Twice Upon a Time
|Production Code||Series 10, Christmas episode|
|Dates||December 25, 2017|
With Peter Capaldi, Pearl Mackie, Matt Lucas
Written by Steven Moffat Directed by Rachel Talalay
Executive Producers: Steven Moffat, Brian Minchin.
|Synopsis: Two Doctors find themselves facing their impending regenerations.|
"It's the end, but the moment has been prepared for" by Matthew Kresal 16/6/19
Those words, spoken by Tom Baker's Fourth Doctor on the brink of his regeneration nearly forty years ago, could also be applied to the 2017 Christmas special. It's safe to say that expectations were high, thanks to the announcement of Peter Capaldi exiting the series alongside showrunner Steven Moffat, Jodie Whittaker taking over as the first canonical (for lack of a better phrase) female Doctor, and then the return of David Bradley playing the role of the First Doctor (Bradley having previously played actor William Hartnell, who originated the role, in 2013's An Adventure In Space And Time). So did Twice Upon a Time live up to those expectations or did it crash and burn?
Given the sheer amount of elements on its plate, Moffat certainly had a lot to play with given the hour of screen time. Perhaps it's not a surprise then that the special's plot is relatively straightforward. Picking up both from the end of Series Ten finale and between scenes in the First Doctor's regeneration story, The Tenth Planet, Twice Upon a Time finds the First and Twelfth Doctors dealing with moments of frozen time with a group of glass-like creatures snatching people out of time at the moment of their deaths. Two of those they encounter are a First World War British army captain (played by Moffat's Sherlock co-creator Mark Gatiss, whose previous Who screen appearances include the title role in The Lazarus Experiment and numerous scripts) and former companion Bill Potts. The special then is a bit of a runaround but one that packs a punch.
A punch that is driven home by the characters and performances. Moffat uses all of the aforementioned characters to explore how we face death, something appropriate given that Twice Upon a Time marks the end of an era. It's something that Capaldi, Bradley and even Gatiss play wonderfully in their own ways at different times throughout the hour. Indeed, some of the best moments are having the two Doctors together from very different ends of their lives looking at each other as two old men raging against the dying of the light. And yet, the end of the special is also a life-affirming one, filled with hope for the future after spending nearly an hour looking so much to the past.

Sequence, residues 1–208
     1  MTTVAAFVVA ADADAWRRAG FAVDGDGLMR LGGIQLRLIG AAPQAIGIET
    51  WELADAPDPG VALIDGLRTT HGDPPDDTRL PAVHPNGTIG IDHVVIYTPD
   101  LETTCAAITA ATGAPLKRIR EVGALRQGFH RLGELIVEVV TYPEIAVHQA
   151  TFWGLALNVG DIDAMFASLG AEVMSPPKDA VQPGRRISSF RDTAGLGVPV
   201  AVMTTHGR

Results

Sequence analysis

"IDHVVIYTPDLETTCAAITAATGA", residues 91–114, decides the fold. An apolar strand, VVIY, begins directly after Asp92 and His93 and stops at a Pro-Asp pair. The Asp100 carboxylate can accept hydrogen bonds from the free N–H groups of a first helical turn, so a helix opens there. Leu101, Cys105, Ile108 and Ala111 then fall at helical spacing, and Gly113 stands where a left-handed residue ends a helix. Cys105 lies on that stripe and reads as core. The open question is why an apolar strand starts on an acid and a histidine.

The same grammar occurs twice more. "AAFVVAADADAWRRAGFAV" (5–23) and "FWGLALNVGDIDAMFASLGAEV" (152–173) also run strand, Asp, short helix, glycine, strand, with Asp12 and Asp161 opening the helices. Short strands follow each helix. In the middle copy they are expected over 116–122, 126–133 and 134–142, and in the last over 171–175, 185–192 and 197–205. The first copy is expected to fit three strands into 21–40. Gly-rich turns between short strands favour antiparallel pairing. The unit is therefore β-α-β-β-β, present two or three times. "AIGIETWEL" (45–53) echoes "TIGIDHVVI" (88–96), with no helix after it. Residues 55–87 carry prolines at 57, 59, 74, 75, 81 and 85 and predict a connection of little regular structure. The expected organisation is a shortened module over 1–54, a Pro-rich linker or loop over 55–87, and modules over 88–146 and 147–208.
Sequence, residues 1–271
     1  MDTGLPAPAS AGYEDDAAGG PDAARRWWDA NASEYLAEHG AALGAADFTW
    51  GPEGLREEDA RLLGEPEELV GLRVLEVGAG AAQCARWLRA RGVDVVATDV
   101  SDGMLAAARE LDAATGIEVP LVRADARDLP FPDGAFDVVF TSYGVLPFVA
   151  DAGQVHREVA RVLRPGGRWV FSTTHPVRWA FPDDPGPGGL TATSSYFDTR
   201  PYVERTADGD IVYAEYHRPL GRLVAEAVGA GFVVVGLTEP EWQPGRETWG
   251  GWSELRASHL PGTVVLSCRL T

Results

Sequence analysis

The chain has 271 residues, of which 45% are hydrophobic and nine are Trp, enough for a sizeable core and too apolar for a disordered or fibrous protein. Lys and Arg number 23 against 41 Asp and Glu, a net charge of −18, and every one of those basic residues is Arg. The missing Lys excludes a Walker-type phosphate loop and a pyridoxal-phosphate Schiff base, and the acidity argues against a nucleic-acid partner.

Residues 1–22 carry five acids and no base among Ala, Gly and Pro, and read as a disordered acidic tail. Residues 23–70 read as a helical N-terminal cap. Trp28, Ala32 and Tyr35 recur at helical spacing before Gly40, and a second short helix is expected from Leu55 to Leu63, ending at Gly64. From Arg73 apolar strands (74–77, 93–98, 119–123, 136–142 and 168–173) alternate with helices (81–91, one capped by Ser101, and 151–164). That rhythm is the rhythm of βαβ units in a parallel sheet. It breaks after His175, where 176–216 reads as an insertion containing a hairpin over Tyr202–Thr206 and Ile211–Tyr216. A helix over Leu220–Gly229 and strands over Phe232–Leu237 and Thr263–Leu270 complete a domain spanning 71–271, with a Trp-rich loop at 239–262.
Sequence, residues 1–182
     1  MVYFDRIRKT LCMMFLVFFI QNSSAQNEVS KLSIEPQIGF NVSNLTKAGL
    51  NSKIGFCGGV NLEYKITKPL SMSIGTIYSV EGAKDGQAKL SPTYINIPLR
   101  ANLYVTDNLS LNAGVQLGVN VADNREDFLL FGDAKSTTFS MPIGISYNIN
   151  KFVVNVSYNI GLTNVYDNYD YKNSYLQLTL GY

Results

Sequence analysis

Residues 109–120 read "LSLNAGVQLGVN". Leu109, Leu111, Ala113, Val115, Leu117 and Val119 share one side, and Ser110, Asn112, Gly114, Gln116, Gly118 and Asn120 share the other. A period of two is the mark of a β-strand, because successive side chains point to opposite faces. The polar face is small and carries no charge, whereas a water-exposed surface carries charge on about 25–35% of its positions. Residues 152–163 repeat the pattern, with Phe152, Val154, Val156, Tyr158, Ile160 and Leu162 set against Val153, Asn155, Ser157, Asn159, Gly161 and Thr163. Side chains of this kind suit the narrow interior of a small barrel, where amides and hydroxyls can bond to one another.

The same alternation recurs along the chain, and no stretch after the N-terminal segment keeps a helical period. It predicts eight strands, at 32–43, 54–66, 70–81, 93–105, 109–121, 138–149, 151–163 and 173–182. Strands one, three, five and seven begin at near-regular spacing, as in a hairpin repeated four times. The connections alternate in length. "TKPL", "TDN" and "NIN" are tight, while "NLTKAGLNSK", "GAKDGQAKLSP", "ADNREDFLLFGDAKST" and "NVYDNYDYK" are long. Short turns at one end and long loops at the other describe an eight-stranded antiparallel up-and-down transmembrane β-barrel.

It's the looking to the past that will also help this special stand out. The special begins with footage from The Tenth Planet which morphs seamlessly from black and white with William Hartnell into newly shot color footage featuring Bradley, which offers snatches of scenes long lost due to a BBC archive purge in the 1970s. As a long-time fan, it's wonderful to see those moments recreated, and it is perhaps fans who will appreciate those touches and another major reference that comes late in the special more than the average viewer. At times though, it might be a bit much such as the return of a character (for lack of a better phrase) from a very early Capaldi episode or the over-played sexism of the First Doctor (something that was there back in the 1960s as part of the era but to a far lesser extent in the character himself). For long-time fans, it's much fun, a chance for the Doctor and viewer alike to look backward and forwards all at once.
What Twice Upon a Time will be remembered for more than anything else is its closing two minutes or so. Regenerations have not been a forte of 21st-century Who, it must be said. David Tennant's exit in The End of Time was spread across more than two hours and turned into a sloppy, poorly plotted and over-sentimental mess with him moaning "I don't want to go!" to the heartbreak of some and the heavy cringing of others. Matt Smith's 2013 exit was tonally all over the place, due to trying to cram so much into sixty minutes, though The Time Of The Doctor was redeemed somewhat by an excellent final scene for Smith. Indeed, only Christopher Eccelston's exit in Bad Wolf/Parting of the Ways can be said to have really worked. Here though, Moffat gets it right with a scene that lets Capaldi say goodbye not just in character as the Doctor but to the role that he, as a life-long fan, had clearly always wanted to play. Moffat keeps it from being too self-indulgent before it gives way to Jodie Whittaker's much-anticipated entrance, which left appetites whetted for her run (at least among those not already putting the proverbial nails into the coffin of the show following her casting).